California Energy Commission to conduct workshop Jan. 6 for BrightSource Energy's proposed US$3B, 750-MW Rio Mesa Solar Electric Generating Facility to discuss potential impacts of project to bird, bat species
January 4, 2012
– Sacramento - The California Energy Commission staff will conduct a workshop for the proposed Rio Mesa Solar Electric Generating Facility.
When: Friday, January 6, 2012, beginning at 9 a.m.
Where: California Energy Commission, Third Floor Conference Room Fishbowl, 1516 Ninth Street, Sacramento, California.
Arrangements have been made for people unable to attend the workshop to participate by telephone and/or by computer. For details, click the link:
Why: The purpose of the workshop is to allow staff, the applicant, interested agencies, and the public to discuss biological resources. The workshop will focus on the potential impacts of the project to bird and bat species and recommended survey protocols to better understand the impacts.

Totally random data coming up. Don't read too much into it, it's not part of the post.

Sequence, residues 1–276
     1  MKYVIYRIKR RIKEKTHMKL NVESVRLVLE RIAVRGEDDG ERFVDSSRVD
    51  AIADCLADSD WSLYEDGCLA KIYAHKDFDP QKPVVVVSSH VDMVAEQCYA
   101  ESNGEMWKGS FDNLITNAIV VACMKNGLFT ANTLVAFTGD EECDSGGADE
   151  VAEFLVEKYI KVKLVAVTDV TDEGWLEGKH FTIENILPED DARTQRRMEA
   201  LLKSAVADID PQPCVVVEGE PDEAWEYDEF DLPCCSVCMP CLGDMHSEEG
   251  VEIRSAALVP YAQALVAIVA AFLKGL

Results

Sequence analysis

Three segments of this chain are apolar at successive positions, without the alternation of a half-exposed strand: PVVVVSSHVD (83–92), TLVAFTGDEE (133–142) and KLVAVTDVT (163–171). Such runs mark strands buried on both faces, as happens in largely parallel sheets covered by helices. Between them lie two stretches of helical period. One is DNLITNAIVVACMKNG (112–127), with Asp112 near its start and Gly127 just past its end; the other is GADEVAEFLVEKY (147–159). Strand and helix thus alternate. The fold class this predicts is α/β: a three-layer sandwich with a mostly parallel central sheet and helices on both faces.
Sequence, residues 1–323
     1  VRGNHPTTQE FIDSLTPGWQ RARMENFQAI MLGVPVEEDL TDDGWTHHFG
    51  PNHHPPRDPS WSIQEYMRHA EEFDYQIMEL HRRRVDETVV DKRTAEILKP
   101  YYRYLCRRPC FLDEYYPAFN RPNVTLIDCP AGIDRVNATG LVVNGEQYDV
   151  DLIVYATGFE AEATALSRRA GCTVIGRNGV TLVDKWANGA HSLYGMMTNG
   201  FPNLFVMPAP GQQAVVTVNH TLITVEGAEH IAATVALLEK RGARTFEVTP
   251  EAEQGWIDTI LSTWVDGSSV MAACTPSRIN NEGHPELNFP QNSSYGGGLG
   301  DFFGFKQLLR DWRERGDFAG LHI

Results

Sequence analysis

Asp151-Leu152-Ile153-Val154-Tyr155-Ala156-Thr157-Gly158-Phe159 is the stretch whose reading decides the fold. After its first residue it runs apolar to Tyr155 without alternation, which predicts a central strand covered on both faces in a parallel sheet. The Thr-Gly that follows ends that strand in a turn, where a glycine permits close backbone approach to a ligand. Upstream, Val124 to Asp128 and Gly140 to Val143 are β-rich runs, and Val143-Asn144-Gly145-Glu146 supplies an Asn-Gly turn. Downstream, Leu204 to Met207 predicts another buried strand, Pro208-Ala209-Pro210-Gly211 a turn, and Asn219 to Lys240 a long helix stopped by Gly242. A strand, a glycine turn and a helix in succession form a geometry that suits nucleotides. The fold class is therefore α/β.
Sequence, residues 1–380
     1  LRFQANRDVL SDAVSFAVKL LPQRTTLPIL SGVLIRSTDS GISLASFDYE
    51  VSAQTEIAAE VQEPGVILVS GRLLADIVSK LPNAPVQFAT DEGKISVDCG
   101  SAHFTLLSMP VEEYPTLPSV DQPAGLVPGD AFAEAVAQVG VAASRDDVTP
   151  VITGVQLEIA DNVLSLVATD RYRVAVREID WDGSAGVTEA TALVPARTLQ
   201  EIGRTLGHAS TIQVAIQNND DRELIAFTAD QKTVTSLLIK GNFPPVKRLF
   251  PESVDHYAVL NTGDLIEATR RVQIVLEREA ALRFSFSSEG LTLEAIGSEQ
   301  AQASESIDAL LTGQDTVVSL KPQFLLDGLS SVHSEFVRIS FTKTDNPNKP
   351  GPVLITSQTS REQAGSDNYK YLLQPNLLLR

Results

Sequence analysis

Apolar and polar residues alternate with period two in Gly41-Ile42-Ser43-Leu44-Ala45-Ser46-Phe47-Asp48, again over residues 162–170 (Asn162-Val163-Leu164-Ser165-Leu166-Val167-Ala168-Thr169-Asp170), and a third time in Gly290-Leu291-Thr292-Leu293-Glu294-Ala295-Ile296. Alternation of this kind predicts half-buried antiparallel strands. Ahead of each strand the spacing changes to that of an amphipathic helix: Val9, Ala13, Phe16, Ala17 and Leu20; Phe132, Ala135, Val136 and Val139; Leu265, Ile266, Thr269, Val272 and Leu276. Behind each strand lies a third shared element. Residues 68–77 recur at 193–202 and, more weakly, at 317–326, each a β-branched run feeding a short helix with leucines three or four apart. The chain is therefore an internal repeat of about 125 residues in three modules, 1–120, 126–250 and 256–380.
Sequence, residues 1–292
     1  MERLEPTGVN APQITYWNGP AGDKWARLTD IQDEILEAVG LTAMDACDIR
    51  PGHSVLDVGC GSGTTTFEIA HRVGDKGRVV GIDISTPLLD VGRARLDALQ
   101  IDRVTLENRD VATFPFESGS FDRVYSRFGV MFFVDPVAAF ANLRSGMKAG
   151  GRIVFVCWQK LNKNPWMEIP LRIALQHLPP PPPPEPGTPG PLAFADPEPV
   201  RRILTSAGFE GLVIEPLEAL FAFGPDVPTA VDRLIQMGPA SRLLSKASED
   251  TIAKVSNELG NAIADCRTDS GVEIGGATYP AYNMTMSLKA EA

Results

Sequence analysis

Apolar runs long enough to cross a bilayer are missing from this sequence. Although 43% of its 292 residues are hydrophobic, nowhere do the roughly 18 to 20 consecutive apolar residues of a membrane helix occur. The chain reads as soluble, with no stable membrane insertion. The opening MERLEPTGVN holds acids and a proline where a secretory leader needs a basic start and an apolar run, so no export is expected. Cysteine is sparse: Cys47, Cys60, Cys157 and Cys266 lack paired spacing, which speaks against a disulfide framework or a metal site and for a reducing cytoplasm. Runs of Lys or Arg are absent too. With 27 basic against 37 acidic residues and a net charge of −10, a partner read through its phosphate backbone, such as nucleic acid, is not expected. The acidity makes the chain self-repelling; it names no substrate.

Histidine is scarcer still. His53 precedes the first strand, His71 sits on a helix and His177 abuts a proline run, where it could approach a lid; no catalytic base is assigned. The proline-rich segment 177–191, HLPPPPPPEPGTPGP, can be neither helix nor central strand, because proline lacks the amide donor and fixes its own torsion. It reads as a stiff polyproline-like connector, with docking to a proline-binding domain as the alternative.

What: The developers for the 750-megawatt (MW) project are Rio Mesa Solar I, LLC, Rio Mesa Solar II, LLC, and Rio Mesa Solar III, LLC, which are subsidiaries of BrightSource Energy, Inc.
The proposed project site consists of three 250-MW solar thermal power plants located on the Palo Verde Mesa in Riverside County, about 13 miles southwest of Blythe. The site is partially on private land and partially on public land administered by the federal Bureau of Land Management (BLM). The Commission and BLM plan to conduct a joint state and federal environmental review of the project.
The total area required for the three plants and a common area with shared facilities is about 5,750 acres. Each plant will use heliostats - elevated mirrors guided by a tracking system mounted on a pylon - to focus the sun's rays on a receiver located on top of a 750-foot-tall solar power tower near the center of each solar field. Each plant would use about 85,000 heliostats. Construction of the project, from site preparation and grading to commercial operation, is expected to take place from the fourth quarter of 2013 to the second quarter of 2016.
The capital construction cost for the project will be about $3 billion. The project will average 1,040 workers per month during the 36-month construction period, with a maximum of 2,493 at the peak. There will be 150 full-time employees when the project is operating.